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The challenges of Agile transition: Stop and regroup

The other day I attended Rally Software’s Agile Cafe in Boulder, giving me the opportunity to hear more stories of “real world” Agile. I had just attended the Boulder Agile Software Meetup group the week before and heard about some of the obstacles to Agile acceptance. Two of the speakers at the Agile Cafe were real world success stories, but both of them did experience obstacles with their transitions.

Bill Holst, President & Principal Consulting Software Engineer at Prescient Software, talked about two projects done for Colorado Springs Utilities, one done with waterfall and one with Agile. Though the Agile project was successful, it started with a lot of problems. A key factor in its success was that the team stopped halfway through and the customer group, in this case field engineers, reworked the requirements.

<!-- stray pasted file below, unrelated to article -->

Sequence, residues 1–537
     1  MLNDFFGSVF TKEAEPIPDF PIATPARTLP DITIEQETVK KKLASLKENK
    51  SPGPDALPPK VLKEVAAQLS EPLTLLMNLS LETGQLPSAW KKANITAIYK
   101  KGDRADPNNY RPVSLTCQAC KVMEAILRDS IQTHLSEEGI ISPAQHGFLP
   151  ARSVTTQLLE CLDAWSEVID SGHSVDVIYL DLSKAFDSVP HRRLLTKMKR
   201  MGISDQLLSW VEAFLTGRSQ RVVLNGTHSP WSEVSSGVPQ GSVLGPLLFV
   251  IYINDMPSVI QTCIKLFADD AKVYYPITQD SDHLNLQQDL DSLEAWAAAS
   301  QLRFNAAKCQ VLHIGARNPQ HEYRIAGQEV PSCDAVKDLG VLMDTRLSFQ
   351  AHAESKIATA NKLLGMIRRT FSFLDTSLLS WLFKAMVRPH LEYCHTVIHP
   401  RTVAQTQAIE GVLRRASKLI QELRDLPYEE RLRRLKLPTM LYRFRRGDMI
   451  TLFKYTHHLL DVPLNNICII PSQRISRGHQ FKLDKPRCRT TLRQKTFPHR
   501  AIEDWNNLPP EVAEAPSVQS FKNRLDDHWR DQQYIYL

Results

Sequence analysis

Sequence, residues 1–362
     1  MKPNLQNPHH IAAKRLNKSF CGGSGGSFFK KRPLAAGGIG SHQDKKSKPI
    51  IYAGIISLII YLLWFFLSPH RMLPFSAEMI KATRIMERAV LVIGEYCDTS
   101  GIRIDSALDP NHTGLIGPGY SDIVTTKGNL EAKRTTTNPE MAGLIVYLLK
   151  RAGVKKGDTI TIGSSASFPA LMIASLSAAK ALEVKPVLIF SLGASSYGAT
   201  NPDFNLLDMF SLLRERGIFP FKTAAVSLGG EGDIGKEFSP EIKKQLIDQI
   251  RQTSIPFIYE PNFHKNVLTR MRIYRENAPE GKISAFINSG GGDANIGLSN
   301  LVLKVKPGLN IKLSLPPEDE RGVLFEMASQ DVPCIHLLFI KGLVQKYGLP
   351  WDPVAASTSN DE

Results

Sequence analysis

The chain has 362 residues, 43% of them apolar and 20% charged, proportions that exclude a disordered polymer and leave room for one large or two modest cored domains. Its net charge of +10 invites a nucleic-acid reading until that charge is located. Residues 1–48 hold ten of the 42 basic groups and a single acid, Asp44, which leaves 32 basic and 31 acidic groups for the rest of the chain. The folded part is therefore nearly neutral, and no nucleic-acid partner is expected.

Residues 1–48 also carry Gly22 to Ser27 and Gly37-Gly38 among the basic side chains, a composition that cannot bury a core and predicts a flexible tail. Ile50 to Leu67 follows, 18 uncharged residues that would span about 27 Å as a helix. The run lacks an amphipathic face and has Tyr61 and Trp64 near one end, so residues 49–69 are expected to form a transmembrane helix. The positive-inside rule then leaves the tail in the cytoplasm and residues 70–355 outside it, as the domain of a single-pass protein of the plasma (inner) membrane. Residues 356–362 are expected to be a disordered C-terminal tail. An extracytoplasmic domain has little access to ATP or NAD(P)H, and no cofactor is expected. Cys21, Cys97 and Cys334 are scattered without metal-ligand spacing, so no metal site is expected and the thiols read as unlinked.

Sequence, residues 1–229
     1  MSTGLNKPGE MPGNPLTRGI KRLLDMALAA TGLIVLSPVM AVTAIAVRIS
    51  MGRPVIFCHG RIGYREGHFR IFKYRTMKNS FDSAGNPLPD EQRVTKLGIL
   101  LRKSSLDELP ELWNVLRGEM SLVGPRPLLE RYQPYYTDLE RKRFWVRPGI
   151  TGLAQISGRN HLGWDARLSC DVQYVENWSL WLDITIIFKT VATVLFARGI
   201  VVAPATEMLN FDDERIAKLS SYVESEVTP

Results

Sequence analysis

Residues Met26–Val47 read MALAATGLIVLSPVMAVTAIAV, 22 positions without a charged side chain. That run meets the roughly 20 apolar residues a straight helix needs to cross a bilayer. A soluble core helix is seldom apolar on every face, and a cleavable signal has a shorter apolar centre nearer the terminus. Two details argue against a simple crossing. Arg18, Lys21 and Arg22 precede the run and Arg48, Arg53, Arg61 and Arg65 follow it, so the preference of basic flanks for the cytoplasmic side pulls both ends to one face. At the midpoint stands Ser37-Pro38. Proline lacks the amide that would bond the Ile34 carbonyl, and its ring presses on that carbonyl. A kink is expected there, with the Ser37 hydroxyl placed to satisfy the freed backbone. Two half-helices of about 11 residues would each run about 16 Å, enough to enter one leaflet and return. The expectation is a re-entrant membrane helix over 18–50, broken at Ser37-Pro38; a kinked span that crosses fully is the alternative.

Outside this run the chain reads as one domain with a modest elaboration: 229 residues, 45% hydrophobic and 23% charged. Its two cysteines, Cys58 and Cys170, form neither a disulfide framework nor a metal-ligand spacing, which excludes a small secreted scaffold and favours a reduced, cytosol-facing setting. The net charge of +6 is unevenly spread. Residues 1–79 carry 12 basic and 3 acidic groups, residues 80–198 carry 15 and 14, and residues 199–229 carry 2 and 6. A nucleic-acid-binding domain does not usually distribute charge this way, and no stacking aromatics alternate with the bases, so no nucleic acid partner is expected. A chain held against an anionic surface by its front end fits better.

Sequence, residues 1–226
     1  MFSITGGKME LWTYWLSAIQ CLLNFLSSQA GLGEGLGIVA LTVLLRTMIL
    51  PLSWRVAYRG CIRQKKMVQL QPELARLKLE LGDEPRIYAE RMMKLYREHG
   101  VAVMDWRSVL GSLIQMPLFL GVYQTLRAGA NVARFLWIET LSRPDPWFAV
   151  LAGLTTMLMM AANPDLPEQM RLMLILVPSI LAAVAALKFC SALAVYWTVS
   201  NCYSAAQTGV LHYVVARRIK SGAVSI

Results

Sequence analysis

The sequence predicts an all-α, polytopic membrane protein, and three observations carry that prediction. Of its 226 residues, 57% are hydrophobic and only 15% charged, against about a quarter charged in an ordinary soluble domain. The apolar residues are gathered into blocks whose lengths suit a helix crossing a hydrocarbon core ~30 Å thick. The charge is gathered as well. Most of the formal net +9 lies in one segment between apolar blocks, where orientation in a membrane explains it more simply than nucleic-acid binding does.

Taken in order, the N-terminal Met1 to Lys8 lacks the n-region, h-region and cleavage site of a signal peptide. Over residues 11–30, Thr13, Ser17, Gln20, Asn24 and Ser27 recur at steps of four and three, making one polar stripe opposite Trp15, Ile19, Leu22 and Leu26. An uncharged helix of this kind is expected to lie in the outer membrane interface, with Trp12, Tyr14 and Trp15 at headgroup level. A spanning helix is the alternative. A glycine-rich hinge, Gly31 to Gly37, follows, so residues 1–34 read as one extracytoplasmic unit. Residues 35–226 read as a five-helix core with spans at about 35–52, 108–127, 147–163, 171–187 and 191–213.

The second presenter was Adam Woods, Director of Product Development at StoneRiver. Woods described a phased transition to Agile for a major development effort. One of the biggest obstacles encountered was the lack of buy-in and understanding of Agile principles from executives, project leaders and delivery teams. Woods, too, attributes a key to the eventual success to taking the time to stop and regroup when necessary. As the team did this, they inspected and adapted, going back to basic principles. Recognizing the importance of engagement from the product owners, they changed their model, and eventually gained the acceptance needed from all stakeholders.

Jean Tabaka, author of Collaboration Explained, followed up with a keynote, describing important factors for success in Agile transition. I had a chance to catch up with Tabaka after the presentation for a quick summary.

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